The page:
As the Conductor stomped his way from the elevator to where DJ Grooves was standing, the latter sighed in defeat. Why did he have to be there? Where was Marianne? This was supposed to be their super-secret meeting, and yet — of all birds — the Conductor was somehow there.

The owl in question was in front of DJ Grooves now, stiffly pointing a feather at him accusingly. “You…!” He proceeded to fling a couple of swears at him that he had never heard before.

Slightly confused, the moon penguin dusted some lint off of his coat, not shifting his gaze from the other bird. “Yes, me.”

The Conductor sputtered. “Oh, you PECK NECK!” DJ Grooves winced a little. His rival continued. “Sending me down here on the basis of some kind of meeting at an ungodly hour of the night — for you, at least — and for what?! To play some kind of prank on me? To pull off a joke? Well, I’m here, so do what you will!”

“Darling, I didn’t send you down here.” DJ Grooves’s brows furrowed. This was strange. Definitely strange. “And assuming I would to play a prank on you? I’m almost appalled.”

“Appalled?! The peck are you on about?” The Conductor tapped his foot irritatedly into the ground. “We both know you sent me that blasted letter—

“Letter?” A couple of the puzzle pieces connected. “Did you get a letter?”

The Conductor reached into one pocket of his blazer and pulled out a crumpled piece of paper. “From one of my Express Owls, telling me to come here at midnight. Forged by you, I assume. Speaking of, you never answered my question! What do you want from me—?”

“For the last time, I didn’t send you that letter, darling.” DJ Grooves repeated, the exhaustion evident in his voice. “In fact, I received a letter, too!”

“Oh yeah? Show it to me!”

“Gladly.” The moon penguin reached into his jacket pocket and pulled out the neatly folded note, handing it to the Conductor and watching as he unfolded it.

The owl read over the note for a second. As DJ Grooves watched, he noticed how his counterpart’s expression softened. Where there once was a menacing scowl, there was now a confused frown. And for a moment, there was a good silence. Quite the surprising thing to come by when around the Conductor. DJ Grooves very much enjoyed moments like these, where his rival slowed down and loosened up a bit. He was so used to the constant yapping and yelling that mere silence when around the owl was a gift to behold. It was one of the few things that the moon penguin had always wanted from the other bird. And maybe, if the Conductor had slowed down more often, DJ Grooves wouldn’t have had to give up his-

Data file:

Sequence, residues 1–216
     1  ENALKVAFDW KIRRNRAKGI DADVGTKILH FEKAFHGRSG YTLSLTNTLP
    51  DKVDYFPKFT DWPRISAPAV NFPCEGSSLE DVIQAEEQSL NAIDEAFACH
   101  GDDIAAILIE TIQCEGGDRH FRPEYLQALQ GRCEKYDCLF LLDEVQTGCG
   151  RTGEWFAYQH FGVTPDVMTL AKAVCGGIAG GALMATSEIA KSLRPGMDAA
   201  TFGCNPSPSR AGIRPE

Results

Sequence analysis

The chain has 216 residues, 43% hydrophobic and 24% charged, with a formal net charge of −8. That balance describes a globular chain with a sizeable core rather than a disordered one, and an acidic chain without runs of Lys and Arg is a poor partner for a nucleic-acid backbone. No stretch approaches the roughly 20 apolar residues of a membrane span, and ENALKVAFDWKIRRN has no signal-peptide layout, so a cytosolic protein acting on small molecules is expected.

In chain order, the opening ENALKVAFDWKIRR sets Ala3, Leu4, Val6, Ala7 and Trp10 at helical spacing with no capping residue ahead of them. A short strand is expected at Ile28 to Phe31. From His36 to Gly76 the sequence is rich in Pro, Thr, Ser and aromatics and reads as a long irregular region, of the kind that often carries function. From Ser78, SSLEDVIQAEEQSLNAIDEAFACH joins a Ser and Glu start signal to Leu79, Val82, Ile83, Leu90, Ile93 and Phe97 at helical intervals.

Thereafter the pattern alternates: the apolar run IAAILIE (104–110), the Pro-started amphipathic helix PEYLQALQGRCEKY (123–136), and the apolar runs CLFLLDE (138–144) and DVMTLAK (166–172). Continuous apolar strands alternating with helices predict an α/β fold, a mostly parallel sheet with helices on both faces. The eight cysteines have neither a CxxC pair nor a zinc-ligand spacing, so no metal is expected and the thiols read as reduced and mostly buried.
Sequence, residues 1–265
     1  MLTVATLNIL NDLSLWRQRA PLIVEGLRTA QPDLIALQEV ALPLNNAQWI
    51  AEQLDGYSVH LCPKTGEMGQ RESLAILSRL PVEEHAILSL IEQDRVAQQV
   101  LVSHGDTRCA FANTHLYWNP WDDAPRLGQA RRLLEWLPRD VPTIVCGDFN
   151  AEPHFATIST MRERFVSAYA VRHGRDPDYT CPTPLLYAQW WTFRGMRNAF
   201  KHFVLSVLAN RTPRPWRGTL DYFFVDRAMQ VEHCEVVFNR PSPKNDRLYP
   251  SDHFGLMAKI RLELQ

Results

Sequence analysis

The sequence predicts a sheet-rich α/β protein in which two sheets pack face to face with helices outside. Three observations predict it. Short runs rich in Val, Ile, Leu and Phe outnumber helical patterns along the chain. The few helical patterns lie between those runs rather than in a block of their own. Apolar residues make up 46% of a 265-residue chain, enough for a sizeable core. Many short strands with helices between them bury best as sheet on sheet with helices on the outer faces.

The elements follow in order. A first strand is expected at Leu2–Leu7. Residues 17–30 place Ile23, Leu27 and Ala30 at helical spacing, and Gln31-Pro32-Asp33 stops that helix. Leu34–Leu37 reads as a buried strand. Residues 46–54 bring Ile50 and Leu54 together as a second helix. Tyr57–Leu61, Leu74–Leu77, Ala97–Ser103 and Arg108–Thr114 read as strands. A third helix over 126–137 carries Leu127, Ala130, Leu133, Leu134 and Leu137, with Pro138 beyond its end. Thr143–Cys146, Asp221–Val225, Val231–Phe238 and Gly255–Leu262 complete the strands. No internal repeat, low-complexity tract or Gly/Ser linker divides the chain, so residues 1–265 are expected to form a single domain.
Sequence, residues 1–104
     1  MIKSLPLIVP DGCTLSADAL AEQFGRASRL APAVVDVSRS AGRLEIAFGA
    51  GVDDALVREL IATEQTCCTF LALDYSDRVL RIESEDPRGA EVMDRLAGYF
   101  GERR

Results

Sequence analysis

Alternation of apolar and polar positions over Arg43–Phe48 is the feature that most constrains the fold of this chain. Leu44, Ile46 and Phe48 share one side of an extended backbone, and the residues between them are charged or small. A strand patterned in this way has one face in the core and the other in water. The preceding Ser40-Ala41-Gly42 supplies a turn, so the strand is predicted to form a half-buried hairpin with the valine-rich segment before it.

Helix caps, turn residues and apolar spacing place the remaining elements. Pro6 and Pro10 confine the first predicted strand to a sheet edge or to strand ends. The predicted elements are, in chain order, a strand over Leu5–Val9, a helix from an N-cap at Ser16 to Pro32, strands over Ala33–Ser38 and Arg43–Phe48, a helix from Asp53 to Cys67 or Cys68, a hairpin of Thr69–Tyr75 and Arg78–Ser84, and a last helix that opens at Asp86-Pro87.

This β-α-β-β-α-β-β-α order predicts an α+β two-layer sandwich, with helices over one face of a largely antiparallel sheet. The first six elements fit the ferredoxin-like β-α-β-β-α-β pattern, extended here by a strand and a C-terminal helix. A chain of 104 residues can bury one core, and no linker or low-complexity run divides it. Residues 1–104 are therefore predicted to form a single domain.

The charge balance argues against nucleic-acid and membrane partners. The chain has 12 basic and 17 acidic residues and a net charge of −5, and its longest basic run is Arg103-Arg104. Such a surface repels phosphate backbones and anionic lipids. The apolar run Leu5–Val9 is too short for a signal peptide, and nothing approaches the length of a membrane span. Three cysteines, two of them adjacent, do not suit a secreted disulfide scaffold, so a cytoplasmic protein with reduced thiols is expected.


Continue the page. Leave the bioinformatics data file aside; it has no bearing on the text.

The Conductor’s puzzled frown turned into a snarl. “Oh, that dirty note-givin’ peck neck!

And there it goes. The moment of fleeting silence left as soon as it arrived.

The owl tossed both notes to the ground, looking around furiously. From seemingly nowhere, he pulled a gleaming steel knife. Similarly to DJ Grooves, the Conductor kept at least one knife on him at all times. Most often, he’d carry two: one for self-defense and the other for other purposes, like uncorking bottles and tinkering with his train’s motherboard. The one held in his talons now was the former. “Come out here and fight us yourself, you shadow-wearin’, midnight-arrivin’…” 

Distantly, DJ Grooves heard a shuffle. Though he didn’t look the part, the moon penguin had excellent hearing. Where his great hearing usually helped with sound design in his movies, it now helped in identifying the culprit behind the notes. He looked over the Conductor’s head into the shadows behind him, seeing nothing. The short yellow bird angrily rambled on, swaying his knife back and forth.

There was another shuffle. It sounded clear as glass to the DJ.

“...forgery-writing, Express-Owl-pretending…”

“Conductor.” The moon penguin spoke up above his rival’s ramblings, which only continued. He growled lowly.

Yet another shuffle resounded, this time followed by the sound of something being knocked over. Something is definitely here.

“Conductor,” DJ Grooves hissed, “will you please shut up for a second?”

The owl in question flinched at that comment, clearly offended. He whipped around to give his rival a piece of his mind when another, much more thundering crash interrupted him. The sound had come from the tall stage adjacent to them, where on a livelier night the moon penguin would have DJ’ed. Silence once again gripped the duo, but this time, it wasn’t calm. Their nervousness crackled in the air like static. The Conductor and DJ Grooves were frozen in place.

The latter snuck a glance at his counterpart, who looked nowhere near as confident or bold as he was just a moment ago. The owl warily eyed the stage, knife slightly lowered. The feathers on his neck were fluffed out in fright, and his ears were pricked straight up on alert.

Just as DJ Grooves was about to look elsewhere, something just beyond the Conductor caught his eye. Something somewhere deep in the shadows.